Pilot Wayne Davis exudes a sense of modesty when you ask him about the captivating aerial photos he takes of great white sharks from his two-seater plane while hovering along the coast of the Monomoy National Wildlife Refuge in Chatham.
“People say, ‘You take tremendous pictures,’ and I say, ‘I’m just a fish-spotter who carries a camera. No more, no less,’” said Davis in a recent interview about his work for state marine biologist Greg Skomal and the non-profit Atlantic White Shark Conservancy.
“You just keep shooting, and you’ll eventually get some good shots,” he said.
Davis, it just so happens, gets a lot.
Nearly each time the conservancy shares on Facebook one of the photographs captured by Davis as he hums above the lapping waves of the Atlantic Ocean, it goes viral.
There was the picture last week that Davis took of a great white nearing a boat occupied by a Weston family on the harbor side of a secluded Cape Cod sand strip, called the North Cut.
Then there was the picture of a 15-foot white shark chasing a grey seal just north of the Nauset Inlet on July 6, the animal’s sharp dorsal fin cutting through the greenish waters, creating a ripple of whitecaps as it neared its meal. The seal got away, and the picture was shared hundreds of times on social media.
And on July 18, Davis witnessed and photographed what the conservancy called a rare and “dramatic predation,” when a great white chomped into a seal, creating plumes of swirling blood that looked like red clouds in the emerald water. Similarly, the episode garnered national attention online.
Davis, who as a kid enjoyed climbing to the top of boat masts to gaze out at the water, still insists it’s simply all in a day’s work.
“It’s all about timing up there as a photographer — even though I don’t call myself one,” Davis said.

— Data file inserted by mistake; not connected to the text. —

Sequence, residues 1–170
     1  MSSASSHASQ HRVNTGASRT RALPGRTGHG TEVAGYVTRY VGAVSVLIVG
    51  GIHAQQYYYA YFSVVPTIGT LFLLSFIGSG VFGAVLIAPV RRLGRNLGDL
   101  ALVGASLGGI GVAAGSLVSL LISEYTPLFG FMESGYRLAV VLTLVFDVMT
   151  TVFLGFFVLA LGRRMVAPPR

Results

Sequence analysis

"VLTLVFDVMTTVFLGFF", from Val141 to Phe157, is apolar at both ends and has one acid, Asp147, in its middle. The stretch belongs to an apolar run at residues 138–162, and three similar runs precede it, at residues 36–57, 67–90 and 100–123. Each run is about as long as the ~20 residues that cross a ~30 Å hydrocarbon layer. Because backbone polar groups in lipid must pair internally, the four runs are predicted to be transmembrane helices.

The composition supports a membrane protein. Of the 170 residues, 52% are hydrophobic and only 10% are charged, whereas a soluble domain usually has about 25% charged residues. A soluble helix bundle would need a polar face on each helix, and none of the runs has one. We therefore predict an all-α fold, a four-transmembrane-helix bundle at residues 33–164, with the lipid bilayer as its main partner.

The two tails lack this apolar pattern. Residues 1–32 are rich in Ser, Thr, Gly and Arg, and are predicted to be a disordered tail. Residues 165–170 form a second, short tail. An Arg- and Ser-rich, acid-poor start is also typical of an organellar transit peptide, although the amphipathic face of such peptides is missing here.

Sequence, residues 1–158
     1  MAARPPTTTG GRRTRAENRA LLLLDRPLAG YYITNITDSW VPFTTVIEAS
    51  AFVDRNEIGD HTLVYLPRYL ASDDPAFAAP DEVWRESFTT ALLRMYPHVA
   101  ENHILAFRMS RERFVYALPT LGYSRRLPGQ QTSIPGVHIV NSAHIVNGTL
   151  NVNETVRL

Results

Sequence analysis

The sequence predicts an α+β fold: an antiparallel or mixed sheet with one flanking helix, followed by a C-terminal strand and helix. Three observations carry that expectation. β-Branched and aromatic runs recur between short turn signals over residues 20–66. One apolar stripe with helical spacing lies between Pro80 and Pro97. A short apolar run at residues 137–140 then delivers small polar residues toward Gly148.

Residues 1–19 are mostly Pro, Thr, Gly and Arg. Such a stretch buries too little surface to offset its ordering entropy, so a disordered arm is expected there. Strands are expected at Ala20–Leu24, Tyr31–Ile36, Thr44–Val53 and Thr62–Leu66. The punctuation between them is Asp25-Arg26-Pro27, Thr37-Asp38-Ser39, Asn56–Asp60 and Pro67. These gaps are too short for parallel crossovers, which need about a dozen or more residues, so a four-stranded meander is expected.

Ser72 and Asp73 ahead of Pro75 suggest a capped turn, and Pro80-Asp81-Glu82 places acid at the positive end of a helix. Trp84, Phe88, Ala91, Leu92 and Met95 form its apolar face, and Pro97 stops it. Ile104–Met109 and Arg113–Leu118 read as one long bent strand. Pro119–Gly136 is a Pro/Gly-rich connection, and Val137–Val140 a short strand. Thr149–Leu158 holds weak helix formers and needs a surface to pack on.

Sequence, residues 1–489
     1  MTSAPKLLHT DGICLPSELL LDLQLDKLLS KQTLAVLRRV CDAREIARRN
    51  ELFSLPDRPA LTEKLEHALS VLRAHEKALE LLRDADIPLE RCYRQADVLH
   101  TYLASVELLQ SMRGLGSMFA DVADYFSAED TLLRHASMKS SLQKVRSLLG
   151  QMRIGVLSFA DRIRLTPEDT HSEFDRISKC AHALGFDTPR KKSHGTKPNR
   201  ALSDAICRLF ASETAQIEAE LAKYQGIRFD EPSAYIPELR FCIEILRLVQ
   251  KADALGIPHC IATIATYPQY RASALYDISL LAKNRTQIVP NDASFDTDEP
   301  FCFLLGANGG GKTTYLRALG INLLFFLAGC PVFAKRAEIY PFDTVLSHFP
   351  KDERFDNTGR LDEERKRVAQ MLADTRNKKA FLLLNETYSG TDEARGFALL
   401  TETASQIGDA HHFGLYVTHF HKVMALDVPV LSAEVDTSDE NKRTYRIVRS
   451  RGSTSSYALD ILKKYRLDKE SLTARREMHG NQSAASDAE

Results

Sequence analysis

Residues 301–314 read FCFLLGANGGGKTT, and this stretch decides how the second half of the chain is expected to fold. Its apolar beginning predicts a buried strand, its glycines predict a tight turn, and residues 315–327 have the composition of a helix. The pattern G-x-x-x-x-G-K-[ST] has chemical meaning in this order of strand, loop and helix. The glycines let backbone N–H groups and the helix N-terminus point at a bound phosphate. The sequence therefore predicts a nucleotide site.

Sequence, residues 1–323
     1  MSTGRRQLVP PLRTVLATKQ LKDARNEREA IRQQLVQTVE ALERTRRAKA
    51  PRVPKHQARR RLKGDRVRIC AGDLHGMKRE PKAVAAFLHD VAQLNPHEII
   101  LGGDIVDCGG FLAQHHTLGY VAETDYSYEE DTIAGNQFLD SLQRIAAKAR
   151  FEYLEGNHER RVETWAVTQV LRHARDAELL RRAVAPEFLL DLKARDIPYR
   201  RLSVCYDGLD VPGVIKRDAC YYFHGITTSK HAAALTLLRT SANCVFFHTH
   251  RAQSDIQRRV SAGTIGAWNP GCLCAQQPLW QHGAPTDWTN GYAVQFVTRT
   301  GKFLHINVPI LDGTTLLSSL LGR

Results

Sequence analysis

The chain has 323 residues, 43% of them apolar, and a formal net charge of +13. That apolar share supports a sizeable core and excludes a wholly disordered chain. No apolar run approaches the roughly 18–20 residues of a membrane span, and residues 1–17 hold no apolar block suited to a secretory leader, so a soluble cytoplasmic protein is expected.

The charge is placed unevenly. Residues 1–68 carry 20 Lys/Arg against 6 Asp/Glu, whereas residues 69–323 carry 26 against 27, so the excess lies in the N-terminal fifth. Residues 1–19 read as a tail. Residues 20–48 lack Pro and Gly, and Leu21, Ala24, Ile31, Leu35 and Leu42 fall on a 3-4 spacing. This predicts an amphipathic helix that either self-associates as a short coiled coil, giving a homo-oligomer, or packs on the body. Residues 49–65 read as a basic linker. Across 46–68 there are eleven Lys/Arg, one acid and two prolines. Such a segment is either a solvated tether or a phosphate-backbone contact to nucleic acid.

Davis, 69 and a Vietnam veteran, began working with the conservancy and state biologists three years ago, helping them track and tag great whites off Cape Cod to better understand the migratory and hunting patterns of the fearsome ocean creatures.
Twice a week, Davis boards his Citabria, a small single-engine plane, and travels up and back between Nauset Beach and part of the Monomoy refuge, looking for the sharks.
A former commercial fisherman who grew up in a fishing village in Rhode Island, Davis got the job flying along the coastline through his friendship with Skomal, the state’s resident shark expert.
Davis’s shark-spotting skills are a key component of the ocean expeditions of Skomal and the conservancy.
When he eyes a shark swimming in the area, Davis quickly radios down to researchers on a boat below, so they can rush toward the shark and capture video footage of the animal and attempt to tag it.
Then, Davis takes out his camera to get an aerial picture of the shark’s activity. The images are more than just bait for the conservancy’s followers on Facebook — they help experts estimate the shark’s size by comparing it with the length of the bow pulpit at the tip of their vessel. His bird’s-eye-view is also essential in collecting a count of sharks swimming around on a given day.
“Wayne plays a critical role in local white shark research,” Cynthia Wigren, president of the conservancy, said in a statement. “[Our] methods do not include trying to attract sharks to the boat, so it would be incredibly challenging to find these sharks without Wayne spotting them from the air.”
Davis said that if not for Skomal and the conservancy, he would likely be home “planting tomatoes,” not spending his time in the sky.
Since the 1970s, when he first began flying, Davis has served as a spotter pilot for harpoon fishermen hunting for swordfish. But his work was winding down until he was asked to aid experts in 2013 with their shark research.
“I loathe clichés, but, ‘Been there, done that’ is very appropriate,” he said. “I have done enough of it in my life. But Greg came along and offered me the job with the conservancy, and it has been a great thing. ... I’m a visual guy. I like seeing things that are really nice, and you know, flying up and down the Cape Cod coast, it’s really beautiful.”
And it serves a purpose.Steve Annear can be reached at firstname.lastname@example.org. Follow him on Twitter @steveannear.